Skip to main content


Do good.
Be better.
Go First.

Focusing on service-related scholarship, engagement, and community development-- the Center for Community Engagement is here from start to finish.

Our Team

The Center for Community Engagement is stationed on the 4th floor of Knapp Hall on the Morgantown campus. Housed under WVU Extension, the 12-member team is ready to connect you with your community today.

Meet the Team

Guidelines of Service

Not sure what counts as service? Check out our guidelines and policy for what determines who is a "volunteer!"

What is service? View our policies here.


The WVU Center for Community Engagement (CCE) supports effective partnerships with communities that enhance discovery through community-engaged teaching, scholarship, and action. The Center focuses on supporting faculty, staff, and students in working with external partners on meeting reciprocal and mutually beneficial needs and advancing WVU’s land grant mission.

Guiding Vision

Students, staff, and faculty will be involved in multifaceted activities and experiences that enhance learning through service. A stronger infrastructure for engagement will support teaching principles of democracy, compassion, and cultural diversity. WVU will have a campus culture of service, supporting sustainable partnerships with local, regional, and statewide communities that help students realize their strengths, become engaged across campus and pursue lifelong learning.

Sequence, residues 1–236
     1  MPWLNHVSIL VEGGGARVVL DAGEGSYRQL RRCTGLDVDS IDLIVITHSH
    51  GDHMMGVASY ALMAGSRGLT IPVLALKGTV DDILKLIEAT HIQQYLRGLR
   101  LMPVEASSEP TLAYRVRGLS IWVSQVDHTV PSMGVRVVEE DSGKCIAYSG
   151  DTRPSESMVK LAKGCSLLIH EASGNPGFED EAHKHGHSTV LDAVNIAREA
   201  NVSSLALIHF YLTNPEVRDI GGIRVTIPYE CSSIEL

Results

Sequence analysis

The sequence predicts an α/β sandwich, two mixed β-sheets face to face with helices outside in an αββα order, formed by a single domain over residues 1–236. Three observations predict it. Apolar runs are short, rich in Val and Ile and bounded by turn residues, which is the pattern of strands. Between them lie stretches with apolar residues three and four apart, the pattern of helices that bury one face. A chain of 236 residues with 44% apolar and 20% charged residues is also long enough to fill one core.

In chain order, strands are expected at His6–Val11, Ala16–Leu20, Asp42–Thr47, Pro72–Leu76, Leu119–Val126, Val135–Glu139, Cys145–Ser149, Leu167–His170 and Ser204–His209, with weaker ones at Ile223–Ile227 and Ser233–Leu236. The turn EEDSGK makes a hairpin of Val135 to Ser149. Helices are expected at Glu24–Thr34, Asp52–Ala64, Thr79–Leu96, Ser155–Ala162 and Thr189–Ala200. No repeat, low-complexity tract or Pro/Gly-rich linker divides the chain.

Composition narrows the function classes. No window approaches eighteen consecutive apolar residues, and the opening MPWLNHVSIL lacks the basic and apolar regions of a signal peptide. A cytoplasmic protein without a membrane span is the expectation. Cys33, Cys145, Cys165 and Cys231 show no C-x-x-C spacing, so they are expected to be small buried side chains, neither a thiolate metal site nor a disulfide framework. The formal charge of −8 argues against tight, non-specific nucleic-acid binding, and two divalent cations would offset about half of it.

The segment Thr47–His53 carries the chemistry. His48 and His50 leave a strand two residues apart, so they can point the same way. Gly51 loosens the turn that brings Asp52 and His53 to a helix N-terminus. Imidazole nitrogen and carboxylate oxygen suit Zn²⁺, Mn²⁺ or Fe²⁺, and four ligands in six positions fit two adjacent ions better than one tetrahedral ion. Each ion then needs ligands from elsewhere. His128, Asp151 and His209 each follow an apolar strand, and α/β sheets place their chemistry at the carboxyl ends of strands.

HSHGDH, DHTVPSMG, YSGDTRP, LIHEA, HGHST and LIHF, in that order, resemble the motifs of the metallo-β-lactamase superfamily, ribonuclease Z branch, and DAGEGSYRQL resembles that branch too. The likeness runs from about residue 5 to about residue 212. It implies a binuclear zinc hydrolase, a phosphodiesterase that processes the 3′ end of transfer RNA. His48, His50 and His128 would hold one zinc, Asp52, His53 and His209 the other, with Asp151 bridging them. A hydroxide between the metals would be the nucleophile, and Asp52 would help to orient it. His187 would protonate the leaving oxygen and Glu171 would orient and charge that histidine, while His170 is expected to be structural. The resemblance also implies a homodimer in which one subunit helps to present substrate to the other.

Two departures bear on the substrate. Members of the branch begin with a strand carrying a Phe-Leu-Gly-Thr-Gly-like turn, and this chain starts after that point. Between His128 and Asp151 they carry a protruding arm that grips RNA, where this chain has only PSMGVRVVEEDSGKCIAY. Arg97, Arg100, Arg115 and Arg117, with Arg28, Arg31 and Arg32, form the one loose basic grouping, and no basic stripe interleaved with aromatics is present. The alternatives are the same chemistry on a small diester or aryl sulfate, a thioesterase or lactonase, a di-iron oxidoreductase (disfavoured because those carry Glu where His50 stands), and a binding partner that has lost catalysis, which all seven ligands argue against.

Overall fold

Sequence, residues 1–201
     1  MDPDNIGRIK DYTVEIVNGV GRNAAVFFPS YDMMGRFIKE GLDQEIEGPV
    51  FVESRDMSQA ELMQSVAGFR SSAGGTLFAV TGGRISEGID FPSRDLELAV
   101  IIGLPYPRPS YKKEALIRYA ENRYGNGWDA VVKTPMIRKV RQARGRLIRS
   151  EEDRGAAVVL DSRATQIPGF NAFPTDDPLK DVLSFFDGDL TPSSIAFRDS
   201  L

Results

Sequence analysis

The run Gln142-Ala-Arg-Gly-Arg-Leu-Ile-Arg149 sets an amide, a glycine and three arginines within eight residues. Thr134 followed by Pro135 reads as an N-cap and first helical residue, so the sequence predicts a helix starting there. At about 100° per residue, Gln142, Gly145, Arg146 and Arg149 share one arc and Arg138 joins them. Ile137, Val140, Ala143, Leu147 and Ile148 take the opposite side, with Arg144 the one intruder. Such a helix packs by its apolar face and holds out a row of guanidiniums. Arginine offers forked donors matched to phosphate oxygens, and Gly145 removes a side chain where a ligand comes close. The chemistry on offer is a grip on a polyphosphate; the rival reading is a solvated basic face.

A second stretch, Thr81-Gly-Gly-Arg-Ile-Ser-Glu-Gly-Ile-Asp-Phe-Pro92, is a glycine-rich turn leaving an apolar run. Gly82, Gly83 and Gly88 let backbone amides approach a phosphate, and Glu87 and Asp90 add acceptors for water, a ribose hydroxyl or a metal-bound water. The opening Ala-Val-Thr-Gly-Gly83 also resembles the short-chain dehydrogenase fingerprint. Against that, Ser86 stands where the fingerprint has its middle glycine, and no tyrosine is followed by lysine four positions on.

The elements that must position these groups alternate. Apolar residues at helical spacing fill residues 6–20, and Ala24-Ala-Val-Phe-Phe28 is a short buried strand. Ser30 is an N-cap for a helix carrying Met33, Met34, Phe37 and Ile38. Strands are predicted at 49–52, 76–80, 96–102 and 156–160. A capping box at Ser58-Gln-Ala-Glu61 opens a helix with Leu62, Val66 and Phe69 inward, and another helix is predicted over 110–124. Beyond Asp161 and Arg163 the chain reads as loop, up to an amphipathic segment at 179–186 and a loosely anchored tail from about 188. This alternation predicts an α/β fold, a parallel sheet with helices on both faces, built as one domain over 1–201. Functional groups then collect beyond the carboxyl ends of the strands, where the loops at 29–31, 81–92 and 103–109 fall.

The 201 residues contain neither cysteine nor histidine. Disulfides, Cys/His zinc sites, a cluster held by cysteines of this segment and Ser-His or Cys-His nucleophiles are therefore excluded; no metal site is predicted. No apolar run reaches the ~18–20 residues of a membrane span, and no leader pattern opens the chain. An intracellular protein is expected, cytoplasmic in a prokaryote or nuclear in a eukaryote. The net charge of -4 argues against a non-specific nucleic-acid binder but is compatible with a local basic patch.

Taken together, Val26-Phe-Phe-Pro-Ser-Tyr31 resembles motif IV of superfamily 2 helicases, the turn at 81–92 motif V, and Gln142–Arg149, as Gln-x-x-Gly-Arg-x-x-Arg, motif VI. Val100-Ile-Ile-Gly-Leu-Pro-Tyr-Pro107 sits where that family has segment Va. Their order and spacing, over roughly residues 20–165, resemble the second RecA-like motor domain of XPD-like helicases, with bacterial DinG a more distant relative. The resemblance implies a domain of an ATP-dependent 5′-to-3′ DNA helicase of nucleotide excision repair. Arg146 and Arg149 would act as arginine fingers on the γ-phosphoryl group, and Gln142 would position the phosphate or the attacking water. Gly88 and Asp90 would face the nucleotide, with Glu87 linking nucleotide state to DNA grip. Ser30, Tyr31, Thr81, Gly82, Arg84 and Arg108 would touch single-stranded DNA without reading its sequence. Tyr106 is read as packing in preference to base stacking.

WVU Native American Studies Land Acknowledgement

WVU, with its statewide institutional presence, resides on land that includes ancestral territories of the Shawnee, Lenape (Delaware), Haudenosaunee (Seneca, Cayuga, Onondaga, Oneida, Mohawk, Tuscarora), Cherokee, and many other Indigenous peoples. 

In acknowledging this, we recognize and appreciate those Indigenous nations whose territories we are living on and working in. Indigenous peoples have been in the land currently known as West Virginia since time immemorial. It is important that we understand both the context that has brought our university community to reside on this land, and our place within this long history. 

We also recognize that colonialism is a current ongoing process, and as scholars seeking truth and understanding, we need to be mindful of our present participation in this process. 

(developed in Fall 2019 with input from NAS Committee members, after consultation with tribes, to be read at NAS public events and included in NAS syllabi, and shared with others, including WVU Humanities Center, Morgantown Human Rights Commission, et al.)

Campus Designations